WHO SINGS THE BABY BLUES? CHANGES IN MENTAL HEALTH AND RETENTION AMONG PARENTS IN THE MILITARY
Ellington, Megan M.
Heissel, Jennifer A.
Healy, Olivia, Cornell University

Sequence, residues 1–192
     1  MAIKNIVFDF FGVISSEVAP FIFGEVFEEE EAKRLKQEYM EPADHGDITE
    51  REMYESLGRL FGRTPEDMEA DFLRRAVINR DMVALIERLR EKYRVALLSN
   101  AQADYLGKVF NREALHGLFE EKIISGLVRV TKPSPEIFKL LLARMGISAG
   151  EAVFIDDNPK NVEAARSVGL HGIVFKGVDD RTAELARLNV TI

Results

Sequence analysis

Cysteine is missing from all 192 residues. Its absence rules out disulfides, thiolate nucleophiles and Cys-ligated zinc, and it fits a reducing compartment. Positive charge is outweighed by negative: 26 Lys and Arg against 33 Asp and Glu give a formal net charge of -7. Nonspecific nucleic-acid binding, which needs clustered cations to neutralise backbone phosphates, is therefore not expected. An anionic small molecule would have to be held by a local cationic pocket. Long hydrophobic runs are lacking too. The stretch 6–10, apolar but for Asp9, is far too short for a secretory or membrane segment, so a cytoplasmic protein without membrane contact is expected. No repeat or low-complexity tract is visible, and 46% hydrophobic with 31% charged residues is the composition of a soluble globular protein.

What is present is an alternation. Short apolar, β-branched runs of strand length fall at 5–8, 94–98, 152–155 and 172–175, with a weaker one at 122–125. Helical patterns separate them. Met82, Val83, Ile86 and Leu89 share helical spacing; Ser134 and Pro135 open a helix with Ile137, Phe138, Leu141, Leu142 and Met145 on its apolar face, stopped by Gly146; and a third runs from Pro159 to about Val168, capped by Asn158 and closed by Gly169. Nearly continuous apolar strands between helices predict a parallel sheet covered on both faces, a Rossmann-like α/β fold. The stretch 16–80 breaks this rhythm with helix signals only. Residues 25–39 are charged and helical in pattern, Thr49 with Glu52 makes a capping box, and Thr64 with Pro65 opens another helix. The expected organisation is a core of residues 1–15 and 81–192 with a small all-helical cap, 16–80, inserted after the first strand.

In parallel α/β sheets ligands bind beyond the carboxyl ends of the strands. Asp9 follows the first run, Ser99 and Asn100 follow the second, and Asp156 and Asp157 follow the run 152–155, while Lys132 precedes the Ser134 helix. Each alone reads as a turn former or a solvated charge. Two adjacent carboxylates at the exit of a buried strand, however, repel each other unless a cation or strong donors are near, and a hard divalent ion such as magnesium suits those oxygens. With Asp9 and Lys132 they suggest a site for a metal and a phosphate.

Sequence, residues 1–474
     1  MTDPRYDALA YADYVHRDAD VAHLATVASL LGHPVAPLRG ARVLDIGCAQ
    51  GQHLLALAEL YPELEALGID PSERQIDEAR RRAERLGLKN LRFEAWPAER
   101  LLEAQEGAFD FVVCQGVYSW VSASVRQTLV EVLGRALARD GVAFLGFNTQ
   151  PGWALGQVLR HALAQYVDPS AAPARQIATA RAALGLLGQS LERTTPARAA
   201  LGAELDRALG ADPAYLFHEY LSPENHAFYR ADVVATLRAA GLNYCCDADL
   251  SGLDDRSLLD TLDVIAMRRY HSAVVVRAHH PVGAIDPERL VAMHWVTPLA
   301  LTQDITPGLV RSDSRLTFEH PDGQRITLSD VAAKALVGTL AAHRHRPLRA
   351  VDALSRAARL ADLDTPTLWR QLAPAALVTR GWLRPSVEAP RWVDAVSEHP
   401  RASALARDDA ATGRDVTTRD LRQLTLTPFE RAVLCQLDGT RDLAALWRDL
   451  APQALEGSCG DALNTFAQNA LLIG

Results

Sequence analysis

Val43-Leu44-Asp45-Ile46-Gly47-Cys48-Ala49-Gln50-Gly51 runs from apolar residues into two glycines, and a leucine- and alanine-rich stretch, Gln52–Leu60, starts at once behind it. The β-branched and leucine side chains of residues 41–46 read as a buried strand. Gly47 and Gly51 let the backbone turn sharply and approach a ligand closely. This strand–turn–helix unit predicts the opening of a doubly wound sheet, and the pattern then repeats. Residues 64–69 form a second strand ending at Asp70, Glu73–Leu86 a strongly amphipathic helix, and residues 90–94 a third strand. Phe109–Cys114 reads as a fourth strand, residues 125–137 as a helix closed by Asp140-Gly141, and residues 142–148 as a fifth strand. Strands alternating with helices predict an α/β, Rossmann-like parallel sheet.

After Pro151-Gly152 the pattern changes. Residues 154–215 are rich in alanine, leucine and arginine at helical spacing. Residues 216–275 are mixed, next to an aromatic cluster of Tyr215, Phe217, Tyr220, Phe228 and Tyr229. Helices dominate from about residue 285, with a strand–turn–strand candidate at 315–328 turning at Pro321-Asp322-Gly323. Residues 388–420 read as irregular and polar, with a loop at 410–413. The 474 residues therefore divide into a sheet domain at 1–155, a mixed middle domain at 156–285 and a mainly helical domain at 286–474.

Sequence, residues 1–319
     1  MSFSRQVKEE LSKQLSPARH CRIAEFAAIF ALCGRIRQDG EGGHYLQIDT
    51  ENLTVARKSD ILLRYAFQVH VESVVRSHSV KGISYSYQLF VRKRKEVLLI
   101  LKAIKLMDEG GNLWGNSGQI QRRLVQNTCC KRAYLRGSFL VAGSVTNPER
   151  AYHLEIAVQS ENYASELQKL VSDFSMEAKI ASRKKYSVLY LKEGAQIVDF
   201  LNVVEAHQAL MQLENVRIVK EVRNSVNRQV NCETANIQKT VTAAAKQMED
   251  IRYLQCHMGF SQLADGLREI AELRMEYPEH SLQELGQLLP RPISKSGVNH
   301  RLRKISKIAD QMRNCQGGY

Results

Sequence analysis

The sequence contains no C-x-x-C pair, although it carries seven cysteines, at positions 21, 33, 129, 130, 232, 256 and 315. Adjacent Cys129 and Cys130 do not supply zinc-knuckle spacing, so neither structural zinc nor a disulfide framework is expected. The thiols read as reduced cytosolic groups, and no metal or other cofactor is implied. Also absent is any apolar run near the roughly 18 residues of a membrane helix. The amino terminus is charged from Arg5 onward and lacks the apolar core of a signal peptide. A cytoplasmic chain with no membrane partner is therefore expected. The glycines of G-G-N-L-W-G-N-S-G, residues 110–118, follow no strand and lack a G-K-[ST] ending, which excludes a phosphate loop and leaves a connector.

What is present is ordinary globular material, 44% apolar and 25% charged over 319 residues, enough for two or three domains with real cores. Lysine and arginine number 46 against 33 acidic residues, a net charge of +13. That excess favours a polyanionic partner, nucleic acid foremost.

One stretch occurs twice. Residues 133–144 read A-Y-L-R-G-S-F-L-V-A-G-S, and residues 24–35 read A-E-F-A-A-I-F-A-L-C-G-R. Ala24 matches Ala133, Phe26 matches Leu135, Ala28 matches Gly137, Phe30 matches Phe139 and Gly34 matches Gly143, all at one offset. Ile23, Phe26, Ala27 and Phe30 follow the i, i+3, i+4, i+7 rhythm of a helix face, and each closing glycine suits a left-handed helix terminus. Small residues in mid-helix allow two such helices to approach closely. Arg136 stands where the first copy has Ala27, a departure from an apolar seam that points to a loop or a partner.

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The military is facing pressure to ensure policies foster a diverse and inclusive workforce. As of 2020, 35 percent of the military had dependent children, with most children under the age of 12, and postpartum depression statistics in the military are as high as 29 percent. This thesis explores changes in mental health for both first-time parents and seasoned parents and how such changes predict retention. Pre-birth and post-birth mental health trends for parents who had their first child between March 2013 and March 2015 are captured to predict the likelihood of remaining in the military at least 48 months after the birth of the first child. There is also an attempt to uncover how mental health concerns predict retention for all parents who have a child under 18 between March 2013 and March 2019. Research into the mental health of military parents can provide the military insight on where to focus resources and training so that service members and their families are supported to the greatest extent possible. If the military can provide the right resources to families after the birth or adoption of a child, or at critical times in their careers where mental health illnesses are more likely to occur, service members may perform better or remain in service longer.
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